Old man Rumish lay in bed, waiting for sleep that never came, the usual susurration and hum of the city the main bother. He decided to get up early as he had a long journey ahead. It was just before dawn when he left the city behind. There was the glimmer of daylight in the cloudless Eastern sky, heralding the hot desert sun. He had saddled his horse and rode off to the south into the undulating dunes and the dry sands. He carried a few supplies; a small bag of dates for himself, a small bag of oats for his horse, a couple of water skins, his khopesh, a dagger, a quiver of arrows, and his trusty old horn bow.
He thought; my wife is dead, and my son is away and has his life. Who would mourn me if I did not return? The guards at the city gates knew him and gladly let him in or out, but they spoke very little to him and only acknowledged him with mumbled greetings or the occasional nod. He thought; the king would select another to do my duties but would not mourn me. But such is the life of a scout, to spend his days among the shrubs and sands, away from kin and kith, safeguarding the lives of those in the city.
He rode southward for a while and the morning sun began its peek on the horizon. To the south and east, the sea of sand and dunes stretched far away, but to the south and west, he saw the dark peaks of looming mountain –the Djinn Mountain. Only outlaws and raiders dare to venture. He led his steed towards the gloomy peaks and fell into his usual scouting pace; at first galloping, then walking, then trotting, and then back to galloping. His progress was good, but he could feel the strain on his knees and back, and he knew old age was upon him.
It was afternoon when he approached the slopes of the mountains. The sunrays stung his old eyes, and he could feel the heat in his royal leather armour. The shade of the mountain invited him, and he knew there was a small lake, its waters cool and hidden on the lowest and closest ridge. But an old scar on his shoulder tingled, where, in his younger days, an outlaw had hidden in the dark spaces of an outcrop and stabbed him on an ambuscade.
Rumish strung his bow and watered his horse from his water skin. His throat was dry, but he thought; it is better that my steed drinks, for if there is trouble, I will rely on him to save both of us. Although his knees ached and he felt the fatigue of his long journey, he chose to walk and preserve his horse’s stamina. He scouted the northern slopes heading westward, keeping a close eye on particular places, for he knew these mountains very well and knew in which spaces maleficence might lay waiting. By sunset, he had decided it was safe, and he clambered up the steep slopes, dragging his now numb limbs, but always he kept his eyes open and his ears on the wind.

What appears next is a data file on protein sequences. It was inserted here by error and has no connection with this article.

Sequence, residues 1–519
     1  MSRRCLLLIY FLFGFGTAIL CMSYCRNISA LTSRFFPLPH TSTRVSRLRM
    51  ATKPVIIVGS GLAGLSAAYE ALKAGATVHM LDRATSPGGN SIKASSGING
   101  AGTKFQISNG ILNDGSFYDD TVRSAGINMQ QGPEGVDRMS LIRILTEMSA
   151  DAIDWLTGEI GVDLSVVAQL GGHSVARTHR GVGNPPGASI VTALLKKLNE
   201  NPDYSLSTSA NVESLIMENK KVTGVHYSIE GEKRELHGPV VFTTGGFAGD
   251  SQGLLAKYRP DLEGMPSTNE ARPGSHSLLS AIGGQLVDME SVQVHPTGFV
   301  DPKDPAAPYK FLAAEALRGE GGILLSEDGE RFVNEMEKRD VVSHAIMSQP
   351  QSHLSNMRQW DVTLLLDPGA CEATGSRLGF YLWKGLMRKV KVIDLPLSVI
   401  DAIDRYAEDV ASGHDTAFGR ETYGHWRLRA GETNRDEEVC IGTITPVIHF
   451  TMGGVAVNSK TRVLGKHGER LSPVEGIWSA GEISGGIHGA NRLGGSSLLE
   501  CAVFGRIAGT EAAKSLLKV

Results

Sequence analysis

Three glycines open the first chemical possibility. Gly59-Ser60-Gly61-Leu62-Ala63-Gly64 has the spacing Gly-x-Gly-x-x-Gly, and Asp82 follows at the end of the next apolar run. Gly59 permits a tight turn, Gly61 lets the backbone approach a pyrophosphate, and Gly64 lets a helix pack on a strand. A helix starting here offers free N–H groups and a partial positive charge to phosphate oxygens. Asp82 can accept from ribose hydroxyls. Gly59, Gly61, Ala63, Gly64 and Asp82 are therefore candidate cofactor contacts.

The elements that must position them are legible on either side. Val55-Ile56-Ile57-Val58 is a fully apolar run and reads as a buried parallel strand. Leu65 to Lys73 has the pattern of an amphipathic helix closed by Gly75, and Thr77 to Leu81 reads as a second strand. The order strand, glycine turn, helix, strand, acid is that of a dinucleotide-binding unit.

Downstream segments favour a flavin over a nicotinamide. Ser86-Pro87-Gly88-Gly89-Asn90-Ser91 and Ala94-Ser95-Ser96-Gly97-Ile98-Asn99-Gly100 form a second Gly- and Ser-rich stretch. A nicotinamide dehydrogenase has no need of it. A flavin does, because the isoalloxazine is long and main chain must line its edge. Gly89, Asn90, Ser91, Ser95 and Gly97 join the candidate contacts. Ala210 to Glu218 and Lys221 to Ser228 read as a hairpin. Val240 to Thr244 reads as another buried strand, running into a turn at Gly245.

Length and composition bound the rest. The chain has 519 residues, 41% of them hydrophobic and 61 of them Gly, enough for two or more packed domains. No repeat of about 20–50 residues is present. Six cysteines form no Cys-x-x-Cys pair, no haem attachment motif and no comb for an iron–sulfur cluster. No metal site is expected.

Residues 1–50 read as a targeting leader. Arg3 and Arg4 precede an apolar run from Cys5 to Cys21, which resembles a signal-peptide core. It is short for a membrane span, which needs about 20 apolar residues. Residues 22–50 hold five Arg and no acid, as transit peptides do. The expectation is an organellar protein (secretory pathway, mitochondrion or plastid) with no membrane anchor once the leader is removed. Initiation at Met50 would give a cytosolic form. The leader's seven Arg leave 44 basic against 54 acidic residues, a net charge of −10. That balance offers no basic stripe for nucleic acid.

He was glad to reach the small lake, for he was now truly thirsty, and his dry throat burned. A quick skim revealed only shrubs and a few palm trees. His old routine would have led him around the lake, checking for tracks along the shore. But the day’s heat drained him, and his tired limbs begged for a rest. He picked a spot where the ground was soft and under the shadow of a large palm, tied his horse there, and fed him some of the oats. He drank to his fill, refilled his water skins, unstrung his bow, and then lay under the shadow near his horse. He said, “I will rest a while, and then I must search for tracks on the banks of this lake. I haven’t seen any sign of human tracks today, but desert bandits, outlaws, and raiders may have passed here recently.”
It was not the intention of Rumish to fall asleep, but the cool air from the lake under the shadow of that great palm had lured him to comfort and tempted him to close his heavy eyelids for but a moment. When he awoke, it was late dusk, and the day’s last rays sent their dwindling light over the western ridges. He thought; such is old age, sleep creeps up at the most peculiar of moments but is not there when one desires it. How easily a rogue would have slit my throat here.
There was a breeze coming down from the higher ridges. It came whirling and twirling from the mountain outcrops, disturbing the tranquillity of that quiescent oasis. In one of these whirlwinds, he caught the hints of a distant murmur. He skimmed the area from where he leaned on the trunk of the palm, and when he was sure there was no one in sight, he hurriedly strung his bow and readied his khopesh. The blade was old, and he had carried it since his younger days, but it was castle-forged steel, and the blade kept its edge. He had never been the best of swordsmen, and in his old age, he knew better than to get into sword fights, especially with those who still had the forte of youth. So he always relied on his bow, and although the desert sun had taken its toll on his eyes, he still fancied his chances in a fight.